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Albert Speer


Albert Speer

Albert Speer was born on 19 March 1905 in Mannhein, the son of prosperous upper- middle –class family of master builders – his father was one of the busiest architects in the city.

Speer was educated at the Institute of Technology in Karlsruhe, completing his architectural studies in Munich and Berlin. It was at Berlin University that he first heard Hitler speak in 1930 and came under his hypnotic spell. In January 1931 he became a member of the National Socialist Party, denying, as he subsequently put in his memoirs, “my own past, my upper-middle-class origins and my previous environment.”

Hitler appeared to the young Speer to offer the complete answer to communism and the political futility of the Weimar system. It was the personality of the Fuhrer, rather than the Party itself which attracted Speer, who was able through his close personal relationship with Hitler to realise all his youthful architectural ambitions, to design and build for a new order.

In 1932 he received his first commissions from the NSDAP and after 1933 he was responsible for the designs and decorations used in the large Party rallies, beginning with the 1 May celebration on the Tempelhofer field.

He perfected the Nazi style of public parades, the monumental liturgy of the movement, using inventive lighting effects and rapidly erected flag-poles with great skill to enhance the Reich Party rallies at Nuremburg.

His organizing ability impressed Hitler who came to regard him as an “architect of genius” and gave him a stream of projects to design, including the new Reich Chancellery in Berlin and the Party Palace in Nuremburg.

Hitler reviews a model of Berlin with Speer

Speer’s artistic imagination and technological expertise appealed to the frustrated architect in Hitler, who in 1937 appointed him Inspector- General of the Reich, responsible for rebuilding Berlin and other German cities in the neo-classical, monumental style which he favored.

Speer’s task was to convert the visions of a grandiose German Reich into an imposing architectural reality. In 1938, Speer who already enjoyed the honorary title of Professor, was made a Prussian State Councilor and received the Nazi Golden Party Badge of Honour.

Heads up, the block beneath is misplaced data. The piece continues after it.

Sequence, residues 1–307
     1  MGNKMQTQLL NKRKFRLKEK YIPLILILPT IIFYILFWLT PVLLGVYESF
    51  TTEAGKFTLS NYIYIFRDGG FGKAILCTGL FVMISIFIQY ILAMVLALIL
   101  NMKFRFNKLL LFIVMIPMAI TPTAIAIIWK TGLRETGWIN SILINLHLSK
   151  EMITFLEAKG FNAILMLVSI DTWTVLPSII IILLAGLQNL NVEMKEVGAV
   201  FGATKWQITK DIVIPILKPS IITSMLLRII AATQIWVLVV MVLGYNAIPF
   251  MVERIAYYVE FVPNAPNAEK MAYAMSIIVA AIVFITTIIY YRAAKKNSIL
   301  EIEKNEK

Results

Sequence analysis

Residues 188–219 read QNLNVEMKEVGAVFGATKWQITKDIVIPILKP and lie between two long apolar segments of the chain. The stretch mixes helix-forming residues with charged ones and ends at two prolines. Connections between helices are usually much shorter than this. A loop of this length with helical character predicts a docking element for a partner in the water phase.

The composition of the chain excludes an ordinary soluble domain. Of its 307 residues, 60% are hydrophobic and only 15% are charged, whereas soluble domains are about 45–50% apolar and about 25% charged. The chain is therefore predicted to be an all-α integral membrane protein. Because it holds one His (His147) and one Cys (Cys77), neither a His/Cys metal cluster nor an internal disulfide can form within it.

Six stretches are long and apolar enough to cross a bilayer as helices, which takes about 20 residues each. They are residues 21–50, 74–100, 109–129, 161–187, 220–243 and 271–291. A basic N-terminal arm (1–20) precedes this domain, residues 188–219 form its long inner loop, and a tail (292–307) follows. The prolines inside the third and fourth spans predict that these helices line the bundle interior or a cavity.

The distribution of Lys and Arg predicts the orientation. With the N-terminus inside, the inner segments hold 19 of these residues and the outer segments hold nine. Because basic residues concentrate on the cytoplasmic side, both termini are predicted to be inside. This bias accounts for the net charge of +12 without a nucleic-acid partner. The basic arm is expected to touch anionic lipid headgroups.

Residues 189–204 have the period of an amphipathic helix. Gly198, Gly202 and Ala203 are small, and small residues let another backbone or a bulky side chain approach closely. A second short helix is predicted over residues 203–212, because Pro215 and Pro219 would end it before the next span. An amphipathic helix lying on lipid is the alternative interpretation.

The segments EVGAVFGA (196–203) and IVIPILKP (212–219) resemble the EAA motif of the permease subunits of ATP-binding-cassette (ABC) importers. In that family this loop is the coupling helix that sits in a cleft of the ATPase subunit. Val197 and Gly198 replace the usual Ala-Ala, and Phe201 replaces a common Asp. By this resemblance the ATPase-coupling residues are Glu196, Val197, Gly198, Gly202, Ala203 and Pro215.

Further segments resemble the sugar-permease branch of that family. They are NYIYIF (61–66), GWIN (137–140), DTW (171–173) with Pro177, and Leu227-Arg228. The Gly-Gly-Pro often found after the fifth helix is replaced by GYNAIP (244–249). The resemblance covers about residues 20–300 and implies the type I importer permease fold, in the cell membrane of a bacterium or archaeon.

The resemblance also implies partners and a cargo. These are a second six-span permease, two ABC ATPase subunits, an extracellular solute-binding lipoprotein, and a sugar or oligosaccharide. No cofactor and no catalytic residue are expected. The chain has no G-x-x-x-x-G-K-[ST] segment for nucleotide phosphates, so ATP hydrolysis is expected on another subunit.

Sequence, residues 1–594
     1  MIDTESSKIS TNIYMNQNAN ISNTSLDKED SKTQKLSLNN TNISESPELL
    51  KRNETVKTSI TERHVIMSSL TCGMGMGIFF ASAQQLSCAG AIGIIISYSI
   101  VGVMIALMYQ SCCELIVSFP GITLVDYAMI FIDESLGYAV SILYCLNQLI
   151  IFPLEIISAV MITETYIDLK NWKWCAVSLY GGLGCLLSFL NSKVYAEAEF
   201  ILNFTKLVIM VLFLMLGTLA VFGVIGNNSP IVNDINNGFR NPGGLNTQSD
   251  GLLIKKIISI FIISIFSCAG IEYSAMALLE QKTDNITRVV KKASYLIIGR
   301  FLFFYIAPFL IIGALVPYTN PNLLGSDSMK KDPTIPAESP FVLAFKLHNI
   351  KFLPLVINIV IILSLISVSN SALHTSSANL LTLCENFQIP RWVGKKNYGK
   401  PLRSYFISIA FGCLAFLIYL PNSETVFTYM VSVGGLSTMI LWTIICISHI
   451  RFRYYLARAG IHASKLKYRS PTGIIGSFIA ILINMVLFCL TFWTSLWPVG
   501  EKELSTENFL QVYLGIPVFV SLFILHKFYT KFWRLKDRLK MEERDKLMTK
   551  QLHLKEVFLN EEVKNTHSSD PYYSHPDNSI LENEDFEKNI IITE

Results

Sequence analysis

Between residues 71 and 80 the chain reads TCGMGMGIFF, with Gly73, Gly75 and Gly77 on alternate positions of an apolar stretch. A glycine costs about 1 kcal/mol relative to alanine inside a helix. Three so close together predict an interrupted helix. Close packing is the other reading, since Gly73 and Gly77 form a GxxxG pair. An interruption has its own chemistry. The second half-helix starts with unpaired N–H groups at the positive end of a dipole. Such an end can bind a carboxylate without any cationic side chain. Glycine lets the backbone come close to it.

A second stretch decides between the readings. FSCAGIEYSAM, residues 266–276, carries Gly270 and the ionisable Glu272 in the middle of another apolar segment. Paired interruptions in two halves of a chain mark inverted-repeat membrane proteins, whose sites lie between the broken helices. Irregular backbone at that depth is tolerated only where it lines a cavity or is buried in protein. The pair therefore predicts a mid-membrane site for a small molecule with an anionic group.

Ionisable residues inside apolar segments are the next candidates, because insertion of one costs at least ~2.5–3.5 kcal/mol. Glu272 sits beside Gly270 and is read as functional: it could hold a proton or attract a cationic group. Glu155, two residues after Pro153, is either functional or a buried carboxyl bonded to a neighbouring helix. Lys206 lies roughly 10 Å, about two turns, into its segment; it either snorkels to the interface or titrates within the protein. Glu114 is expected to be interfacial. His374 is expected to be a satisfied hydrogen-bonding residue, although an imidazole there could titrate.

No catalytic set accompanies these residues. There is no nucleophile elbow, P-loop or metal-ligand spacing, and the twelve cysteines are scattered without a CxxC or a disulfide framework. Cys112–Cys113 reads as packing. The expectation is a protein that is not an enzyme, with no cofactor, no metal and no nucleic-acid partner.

A section leader of the German Labour Front, he also headed its “Beauty of Labour” Department. In 1941 he was elected to represent the electoral district of Berlin West in the Reichstag. The many posts he held during the war included General Inspector of Water and Energy and head of the Party’s main office for technology.

From 1942 he was also a member of the Central Planning Office and in February 1942 he succeeded Fritz Todt, who was killed in a plane crash, as Minister of Armaments and War Production. He demonstrated remarkable gifts as a manager of industrial enterprises on a gigantic scale.

During the next three years Speer was the greatest employer of manpower in Nazi Germany and performed miracles in rapidly expanding war production capacity in spite of massive Allied bombing attacks. Output was increased from 9540 front-line machines and 2900 heavy tanks in 1941 to 35350 machines and 17300 tanks in 1944 under Speer’s relentless prodding and efficiency.

Appointment of Speer  (signed by Hitler)

In his role as Minister of Armaments, Speer not only kept the German military machine in the field- thereby prolonging the war by at least two years – he also showed no scruples in exploiting all the slave labour he could get his hands on.

An example of this is as follows: